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‘Tender Towards Innocence’ by Carmen Bugan: a blog on Innocence in a Troubled World

Carmen Bugan explains how her new course: ‘A Quest for Innocence in a Troubled World‘ will help you write poetry that faces up to this worrisome time.

I borrowed the title of this piece from Seamus Heaney, who has said about Czeslaw Milosz:

Tender towards innocence, tough-minded when faced with brutality and injustice, Milosz could be at one moment susceptible, at another remorseless.

I suspect that a desired ‘poetic state of mind’ might be a combination of tenderness and ability to strike with mercurial and seamless figurative language. One couldn’t know the thrill of innocence unless one faces the brutality and injustice all around us. The power of metaphoric language is precisely in creating a coherent, living self out of language that expresses (and nurtures) both innocence and experience. 

But innocence is the kind of word you know until you must explain it: it wonders all over the place, from the toddlers’ delightful but dangerous chase of bees in lavender bushes, to the courtroom theatrical, devastating arguments about crime and absolution, to the loss of virginity, civilian casualties of war, and religious purity. Consequently, it accumulates a lot of linguistic layers as it travels with us from one experience to the next. The word is prone to ridicule, especially nowadays when we’re surrounded by images of death, destruction, manipulation, greed, and opportunism at every turn. Cynicism seems more comforting for many: it’s non-committal and morally bland, perfectly fitting those who prefer to sit on the fence.

How to turn to innocence instead of cynicism

Should we, with Milosz and Heaney, be more tender towards innocence? How do we do that? The poetry-making becomes the job of lifting the various layers of experience off the word, to uncover that ‘original’ meaning, for example the Latin ‘not to hurt’.  What is poetry that means ‘not to hurt’?

Such trust in the delicious joy-bringing potential of art and intellect was protected by strong bulwarks built from the knowledge and experience that he had gained at first hand and at great cost.

Two days ago, my son came home with news that at a high school not too far from us, a teenager brought a loaded gun to school, which was found and confiscated just on time. I held my son’s gaze: I held my breath. He said, ‘Don’t worry, since we moved here, we got used to the lock-down drills.’  Was this an almost-hit or almost-miss? There is something about trust and innocence that irks me; what is public safety?

“An innocent part of us was satisfied (the one that has to do with the capacity to stare open-mouthed at the glorious sky) and another part of us learned that things can change.”

Earlier this April, the solar eclipse was visible from Long Island, New York, where I live, so, together with a friend, I took the children to the park next door to watch it.  For a short time darkness entered the day. When everything returned to normal, something inside was awakened: we looked at each other, surprised by wonder. An innocent part of us was satisfied (the one that has to do with the capacity to stare open-mouthed at the glorious sky) and another part of us learned that things can change.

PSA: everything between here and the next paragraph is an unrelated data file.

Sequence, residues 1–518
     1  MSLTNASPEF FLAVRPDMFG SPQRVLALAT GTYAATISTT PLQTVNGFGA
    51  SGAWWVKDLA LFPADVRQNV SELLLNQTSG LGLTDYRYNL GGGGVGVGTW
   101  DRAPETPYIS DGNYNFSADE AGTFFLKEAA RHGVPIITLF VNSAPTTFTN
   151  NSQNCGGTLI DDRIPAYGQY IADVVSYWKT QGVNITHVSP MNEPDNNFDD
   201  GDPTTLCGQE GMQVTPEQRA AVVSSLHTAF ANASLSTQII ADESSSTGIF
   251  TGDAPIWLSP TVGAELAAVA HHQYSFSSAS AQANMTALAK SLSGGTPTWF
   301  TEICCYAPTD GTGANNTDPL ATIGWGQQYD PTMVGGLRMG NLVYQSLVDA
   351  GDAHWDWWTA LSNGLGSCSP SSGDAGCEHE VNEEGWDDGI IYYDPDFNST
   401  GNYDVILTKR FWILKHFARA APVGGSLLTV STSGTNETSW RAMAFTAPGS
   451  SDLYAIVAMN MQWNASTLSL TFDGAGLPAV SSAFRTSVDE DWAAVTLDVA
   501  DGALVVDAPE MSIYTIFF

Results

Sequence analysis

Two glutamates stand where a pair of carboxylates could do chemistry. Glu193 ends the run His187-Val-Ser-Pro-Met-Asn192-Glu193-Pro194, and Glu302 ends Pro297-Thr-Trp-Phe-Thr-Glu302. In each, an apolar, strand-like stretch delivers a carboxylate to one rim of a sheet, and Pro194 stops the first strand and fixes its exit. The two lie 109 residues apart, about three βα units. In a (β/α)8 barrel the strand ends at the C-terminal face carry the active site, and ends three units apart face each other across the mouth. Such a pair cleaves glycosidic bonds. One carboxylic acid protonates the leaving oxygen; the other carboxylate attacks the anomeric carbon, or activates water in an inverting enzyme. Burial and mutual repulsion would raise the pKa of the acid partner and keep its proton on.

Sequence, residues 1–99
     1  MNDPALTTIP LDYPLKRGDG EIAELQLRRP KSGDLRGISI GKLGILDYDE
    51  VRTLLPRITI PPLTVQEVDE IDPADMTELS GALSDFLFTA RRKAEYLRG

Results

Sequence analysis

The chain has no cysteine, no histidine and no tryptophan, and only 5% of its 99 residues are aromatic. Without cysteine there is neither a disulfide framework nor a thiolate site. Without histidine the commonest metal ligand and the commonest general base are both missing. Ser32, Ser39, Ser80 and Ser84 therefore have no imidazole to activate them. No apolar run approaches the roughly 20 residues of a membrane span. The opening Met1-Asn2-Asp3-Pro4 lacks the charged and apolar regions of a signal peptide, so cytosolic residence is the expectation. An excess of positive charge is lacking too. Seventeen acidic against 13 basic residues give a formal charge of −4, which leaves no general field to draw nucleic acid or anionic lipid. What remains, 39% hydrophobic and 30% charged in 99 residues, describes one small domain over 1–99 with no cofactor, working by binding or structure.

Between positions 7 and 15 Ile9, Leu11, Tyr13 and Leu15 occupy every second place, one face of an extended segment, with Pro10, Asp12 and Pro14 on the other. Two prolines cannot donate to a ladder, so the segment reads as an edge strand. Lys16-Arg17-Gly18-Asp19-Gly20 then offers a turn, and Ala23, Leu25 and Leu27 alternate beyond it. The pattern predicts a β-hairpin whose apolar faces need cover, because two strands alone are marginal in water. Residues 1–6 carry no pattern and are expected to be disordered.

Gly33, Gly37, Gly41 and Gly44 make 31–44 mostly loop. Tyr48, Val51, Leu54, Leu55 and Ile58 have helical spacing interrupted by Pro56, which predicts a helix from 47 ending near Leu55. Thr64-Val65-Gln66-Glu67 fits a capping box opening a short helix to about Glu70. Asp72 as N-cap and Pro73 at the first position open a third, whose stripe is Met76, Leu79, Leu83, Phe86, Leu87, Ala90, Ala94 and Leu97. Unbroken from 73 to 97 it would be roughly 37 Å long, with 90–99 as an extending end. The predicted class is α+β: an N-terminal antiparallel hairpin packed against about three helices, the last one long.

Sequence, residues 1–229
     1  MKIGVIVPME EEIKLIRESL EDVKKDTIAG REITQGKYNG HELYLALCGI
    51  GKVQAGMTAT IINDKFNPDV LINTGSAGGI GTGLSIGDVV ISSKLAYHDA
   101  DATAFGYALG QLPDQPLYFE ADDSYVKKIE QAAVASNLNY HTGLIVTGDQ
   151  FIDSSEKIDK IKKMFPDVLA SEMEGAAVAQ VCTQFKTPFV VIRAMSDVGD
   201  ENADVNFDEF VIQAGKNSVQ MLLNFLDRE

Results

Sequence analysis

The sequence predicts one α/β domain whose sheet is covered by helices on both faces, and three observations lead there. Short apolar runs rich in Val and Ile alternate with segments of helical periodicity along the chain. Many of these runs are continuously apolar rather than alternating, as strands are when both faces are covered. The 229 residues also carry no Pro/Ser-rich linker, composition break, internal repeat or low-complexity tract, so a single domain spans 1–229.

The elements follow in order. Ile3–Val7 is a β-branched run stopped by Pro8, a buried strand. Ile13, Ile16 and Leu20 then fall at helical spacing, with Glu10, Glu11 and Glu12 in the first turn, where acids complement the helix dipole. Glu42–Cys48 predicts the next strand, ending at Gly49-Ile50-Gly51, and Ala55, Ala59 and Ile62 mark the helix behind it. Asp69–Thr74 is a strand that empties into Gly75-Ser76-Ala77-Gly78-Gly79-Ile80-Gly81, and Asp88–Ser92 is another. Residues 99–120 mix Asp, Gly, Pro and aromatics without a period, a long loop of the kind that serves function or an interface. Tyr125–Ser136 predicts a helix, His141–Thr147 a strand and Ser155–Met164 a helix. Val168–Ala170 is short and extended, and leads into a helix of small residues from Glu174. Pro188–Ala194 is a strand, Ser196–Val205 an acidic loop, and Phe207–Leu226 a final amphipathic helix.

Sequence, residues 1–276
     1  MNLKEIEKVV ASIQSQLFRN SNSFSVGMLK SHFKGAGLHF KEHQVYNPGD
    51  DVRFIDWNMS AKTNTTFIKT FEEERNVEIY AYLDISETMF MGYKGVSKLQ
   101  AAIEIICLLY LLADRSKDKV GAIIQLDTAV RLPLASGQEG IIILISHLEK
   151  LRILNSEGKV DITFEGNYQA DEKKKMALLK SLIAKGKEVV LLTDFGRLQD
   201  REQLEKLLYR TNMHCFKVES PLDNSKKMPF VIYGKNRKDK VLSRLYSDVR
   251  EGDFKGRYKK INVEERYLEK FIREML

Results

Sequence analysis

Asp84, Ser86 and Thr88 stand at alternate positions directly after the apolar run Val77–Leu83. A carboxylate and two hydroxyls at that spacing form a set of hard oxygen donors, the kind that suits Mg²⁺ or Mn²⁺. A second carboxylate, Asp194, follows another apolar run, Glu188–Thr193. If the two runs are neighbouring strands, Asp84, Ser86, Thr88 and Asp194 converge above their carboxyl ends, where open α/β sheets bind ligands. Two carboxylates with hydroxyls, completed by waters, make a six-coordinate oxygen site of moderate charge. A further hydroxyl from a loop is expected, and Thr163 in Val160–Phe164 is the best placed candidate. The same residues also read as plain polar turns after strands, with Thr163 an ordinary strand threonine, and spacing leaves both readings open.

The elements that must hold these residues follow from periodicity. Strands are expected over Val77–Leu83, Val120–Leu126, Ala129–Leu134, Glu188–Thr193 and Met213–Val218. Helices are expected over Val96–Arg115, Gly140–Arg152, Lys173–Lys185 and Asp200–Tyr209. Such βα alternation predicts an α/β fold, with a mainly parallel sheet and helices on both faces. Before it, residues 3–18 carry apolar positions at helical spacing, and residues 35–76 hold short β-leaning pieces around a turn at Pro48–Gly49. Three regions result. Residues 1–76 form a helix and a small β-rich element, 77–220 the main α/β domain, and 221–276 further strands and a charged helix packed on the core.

Image for 'A Quest for an Innocence in a Troubled World'. A window with green shots growing outside the window.

A few days before the eclipse, there was a small earthquake. I only heard a disgruntled sound coming from deep below the house and felt the walls register vibrations no larger than the ones felt when a large truck passes on the road. But my kids said they felt the earthquake at the schools, and they experienced the shifting ground under them for the first time, pencils rolling off the desks, books off the shelves. Once again, we were awakened to a sense of awe, but this time it brought us off-kilter.

A poem to eclipse fear and darkness

I wrote a poem about the solar eclipse but not about the sinister gun presence at the high school close by, and not about the earthquake. The almost within-reach flight of snowy egrets during the eclipse was compelling, and singular. If I could, I would fill the language with the tremendously loud sound of swans taking off the pond and flying almost at eye-level: it makes the whole body reverberate with joy.

Solar eclipse

Snowy egrets flew just above our heads,
Waded at the water’s edge.

A blue-grey heron
Roosted in the yellow magnolia.

Cormorants flapped their wings
On the floating tree trunks in the pond.

Geese talked in pairs.
Swans napped over their nests.

A row of turtles sunned themselves.
The moon slid over the sun like an eyelid

And everything went cool and quiet.
My kids whispered of sunset,

The spring flowers glowed in the field.
And then the moon slid off the sun

Returning all the songs to the birds.
We are changed forever, having witnessed

Night inside the day, having
Heard the wings of snowy egrets.

Carmen Bugan is teaching the course: A Quest for Innocence in a Troubled World. 1 full-day session, running 10.30am – 4.30pm (BST), on 13 July 2024. This course will take place at Somerset House, Strand, London, WC2R 1LA. 

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